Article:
Date and time
    August 11, 2014, 10:48AM
    • Our big retailers get protection because it protects countless more everyday Aussies rather than a few fat cats. You have to actually look beyond the immediate impact to the 2 big company's pockets or what we pay for our goods. Less revenue = cuts to costs = job losses. Once jobs start to go you will probably blame the government for not doing enought to support these Aussie companies to keep the everyday Aussie workers employed.

      South Side
      Date and time
      August 11, 2014, 11:30AM
    • Brucey, the employment issue you raise may have some weight if Coles wasn't cutting down on staff all the time. Look at the self checkouts and the fewer numbers of staff to help customers. It's all about the bottom line and not about providing employment. We need more competition in the supermarket arena, which will mean more employment.

      Date and time
      August 11, 2014, 3:20PM
    • Brucey, Economics 101: when one business model fails, another takes its place. Economics 102: markets evolve due to evolving demand and supply. Economics 103: jobs follow industry - as old industries die, employees migrate to newer industries. For example, we don't have milkmen delivering milk anymore, but we do have online retailers offering to deliver it (and other groceries) for you. (A classic example of demand-driven supply.)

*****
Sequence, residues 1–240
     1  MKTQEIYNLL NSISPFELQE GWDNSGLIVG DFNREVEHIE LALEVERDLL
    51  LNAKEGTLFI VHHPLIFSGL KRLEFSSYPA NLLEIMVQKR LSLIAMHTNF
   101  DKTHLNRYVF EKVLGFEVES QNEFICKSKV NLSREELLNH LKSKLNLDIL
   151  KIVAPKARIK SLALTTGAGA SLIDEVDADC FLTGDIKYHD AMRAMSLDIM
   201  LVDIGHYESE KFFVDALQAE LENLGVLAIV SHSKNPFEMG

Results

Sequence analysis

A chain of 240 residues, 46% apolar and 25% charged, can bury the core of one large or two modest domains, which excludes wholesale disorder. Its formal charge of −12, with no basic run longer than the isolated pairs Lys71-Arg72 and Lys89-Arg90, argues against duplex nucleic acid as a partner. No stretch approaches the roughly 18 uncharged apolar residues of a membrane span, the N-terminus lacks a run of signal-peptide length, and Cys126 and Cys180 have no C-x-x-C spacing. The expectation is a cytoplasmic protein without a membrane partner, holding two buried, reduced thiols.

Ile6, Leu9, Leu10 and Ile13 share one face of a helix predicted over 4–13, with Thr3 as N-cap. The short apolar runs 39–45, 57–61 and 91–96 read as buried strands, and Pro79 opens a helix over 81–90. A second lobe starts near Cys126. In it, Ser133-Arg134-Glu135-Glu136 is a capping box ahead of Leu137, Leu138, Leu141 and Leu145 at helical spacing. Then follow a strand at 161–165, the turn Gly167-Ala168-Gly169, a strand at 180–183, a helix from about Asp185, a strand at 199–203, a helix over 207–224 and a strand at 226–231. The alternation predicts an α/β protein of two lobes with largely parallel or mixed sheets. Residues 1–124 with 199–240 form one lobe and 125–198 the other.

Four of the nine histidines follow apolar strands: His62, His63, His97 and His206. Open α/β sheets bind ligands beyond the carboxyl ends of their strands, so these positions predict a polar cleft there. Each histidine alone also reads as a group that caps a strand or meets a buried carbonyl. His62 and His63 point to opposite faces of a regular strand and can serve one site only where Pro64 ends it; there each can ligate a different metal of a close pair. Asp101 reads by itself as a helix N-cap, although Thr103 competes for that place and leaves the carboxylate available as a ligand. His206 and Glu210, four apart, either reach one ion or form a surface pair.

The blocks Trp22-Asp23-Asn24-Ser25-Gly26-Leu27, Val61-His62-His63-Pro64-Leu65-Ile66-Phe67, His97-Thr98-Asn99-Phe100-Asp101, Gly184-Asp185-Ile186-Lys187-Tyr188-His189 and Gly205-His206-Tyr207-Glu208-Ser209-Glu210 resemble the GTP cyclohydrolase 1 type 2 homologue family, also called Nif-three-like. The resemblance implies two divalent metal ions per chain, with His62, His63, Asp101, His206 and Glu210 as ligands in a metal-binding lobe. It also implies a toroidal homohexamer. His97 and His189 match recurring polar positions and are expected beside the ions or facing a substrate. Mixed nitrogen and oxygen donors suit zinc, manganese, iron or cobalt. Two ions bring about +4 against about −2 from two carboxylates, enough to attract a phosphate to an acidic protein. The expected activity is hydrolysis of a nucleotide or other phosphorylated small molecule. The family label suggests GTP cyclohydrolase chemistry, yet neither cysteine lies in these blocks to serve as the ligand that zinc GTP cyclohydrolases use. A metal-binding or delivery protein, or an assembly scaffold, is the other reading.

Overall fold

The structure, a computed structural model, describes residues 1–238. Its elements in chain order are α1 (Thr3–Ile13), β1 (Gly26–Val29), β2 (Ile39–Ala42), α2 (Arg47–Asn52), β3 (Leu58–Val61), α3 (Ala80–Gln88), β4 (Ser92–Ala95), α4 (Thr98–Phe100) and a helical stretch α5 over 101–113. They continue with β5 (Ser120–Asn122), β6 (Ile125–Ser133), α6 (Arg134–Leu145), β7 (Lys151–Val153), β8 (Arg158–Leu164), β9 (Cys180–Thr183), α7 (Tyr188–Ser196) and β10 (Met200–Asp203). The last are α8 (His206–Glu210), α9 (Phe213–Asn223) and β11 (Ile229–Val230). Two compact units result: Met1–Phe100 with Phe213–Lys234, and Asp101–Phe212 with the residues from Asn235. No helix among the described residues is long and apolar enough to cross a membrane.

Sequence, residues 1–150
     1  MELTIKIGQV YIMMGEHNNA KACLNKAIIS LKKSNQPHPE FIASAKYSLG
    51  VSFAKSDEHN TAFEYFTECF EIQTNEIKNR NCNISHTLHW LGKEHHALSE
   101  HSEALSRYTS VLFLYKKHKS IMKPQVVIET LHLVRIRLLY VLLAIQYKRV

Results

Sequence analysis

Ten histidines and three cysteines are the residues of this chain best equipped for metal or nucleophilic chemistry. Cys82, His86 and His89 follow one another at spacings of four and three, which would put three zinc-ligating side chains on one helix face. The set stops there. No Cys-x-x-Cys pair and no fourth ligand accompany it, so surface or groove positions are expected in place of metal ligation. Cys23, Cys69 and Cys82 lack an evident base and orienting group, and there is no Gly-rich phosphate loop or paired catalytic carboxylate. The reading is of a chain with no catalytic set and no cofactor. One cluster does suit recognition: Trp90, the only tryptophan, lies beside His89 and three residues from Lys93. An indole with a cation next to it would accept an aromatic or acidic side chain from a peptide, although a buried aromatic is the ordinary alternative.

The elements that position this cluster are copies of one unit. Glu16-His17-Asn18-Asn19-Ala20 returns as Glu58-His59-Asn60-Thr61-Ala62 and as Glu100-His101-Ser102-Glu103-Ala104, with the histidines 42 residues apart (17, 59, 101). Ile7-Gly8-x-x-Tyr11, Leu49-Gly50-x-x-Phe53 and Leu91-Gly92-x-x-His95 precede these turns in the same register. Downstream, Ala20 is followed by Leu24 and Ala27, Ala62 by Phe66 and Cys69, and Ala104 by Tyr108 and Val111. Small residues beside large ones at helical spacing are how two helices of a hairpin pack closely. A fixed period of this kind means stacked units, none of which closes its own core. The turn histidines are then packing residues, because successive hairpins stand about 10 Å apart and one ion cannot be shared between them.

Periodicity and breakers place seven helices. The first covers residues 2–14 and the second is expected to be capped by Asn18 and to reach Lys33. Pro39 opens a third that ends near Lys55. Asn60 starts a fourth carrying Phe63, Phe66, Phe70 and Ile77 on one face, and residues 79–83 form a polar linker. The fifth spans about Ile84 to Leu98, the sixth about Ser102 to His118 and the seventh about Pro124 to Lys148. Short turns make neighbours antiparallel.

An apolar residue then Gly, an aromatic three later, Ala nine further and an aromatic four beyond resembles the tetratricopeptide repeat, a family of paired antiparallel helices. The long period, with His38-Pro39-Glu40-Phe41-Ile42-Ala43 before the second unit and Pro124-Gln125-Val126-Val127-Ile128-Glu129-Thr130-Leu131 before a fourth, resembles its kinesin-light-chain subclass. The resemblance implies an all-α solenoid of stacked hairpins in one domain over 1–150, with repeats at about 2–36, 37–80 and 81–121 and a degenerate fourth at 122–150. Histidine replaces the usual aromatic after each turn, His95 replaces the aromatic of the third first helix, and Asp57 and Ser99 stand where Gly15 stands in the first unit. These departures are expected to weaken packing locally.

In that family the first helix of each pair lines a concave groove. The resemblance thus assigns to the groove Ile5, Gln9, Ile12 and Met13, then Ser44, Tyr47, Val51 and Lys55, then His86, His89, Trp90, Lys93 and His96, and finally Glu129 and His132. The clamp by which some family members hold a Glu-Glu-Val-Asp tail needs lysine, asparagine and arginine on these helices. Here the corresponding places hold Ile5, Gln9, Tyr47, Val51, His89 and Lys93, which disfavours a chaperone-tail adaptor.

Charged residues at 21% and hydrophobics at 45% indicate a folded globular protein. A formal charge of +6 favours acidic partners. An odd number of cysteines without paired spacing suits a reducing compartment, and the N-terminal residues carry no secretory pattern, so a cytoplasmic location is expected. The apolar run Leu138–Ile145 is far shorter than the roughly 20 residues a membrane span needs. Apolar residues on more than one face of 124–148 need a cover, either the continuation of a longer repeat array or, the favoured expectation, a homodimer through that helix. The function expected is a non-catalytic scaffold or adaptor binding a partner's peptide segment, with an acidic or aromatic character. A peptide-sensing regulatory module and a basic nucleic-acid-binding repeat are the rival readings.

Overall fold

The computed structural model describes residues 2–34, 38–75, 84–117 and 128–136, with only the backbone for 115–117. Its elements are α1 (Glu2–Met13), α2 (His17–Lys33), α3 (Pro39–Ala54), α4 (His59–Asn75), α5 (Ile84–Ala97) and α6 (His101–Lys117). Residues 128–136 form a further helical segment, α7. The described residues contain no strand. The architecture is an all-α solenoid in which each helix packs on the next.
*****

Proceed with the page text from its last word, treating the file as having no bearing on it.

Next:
Fascinating stuff, economics.

      Date and time
      August 11, 2014, 7:09PM
  • Yep they will support the four big banks, the two big supermarkets, bending the their every desire, the age of entitlements is only over for low and middle income families, and manufacturing businesses, with the one exception being Cadburys, Banks, Supermarkets and Mining will get all the leg up they need, courtesy of the attack on those that use or are employed by these very companies, not counting CEO's of course, they get paid more, by how much they can squeeze from workers, consumers and the Government.

    Date and time
    August 11, 2014, 11:37AM
    • It's been a carefully cultivated myth that business wants to compete. None of them do. Ever. They do it grudgingly and after exhausting all other ways to avoid it (ie badgering government to coddle them).

      Lee eel
      Date and time
      August 11, 2014, 11:46AM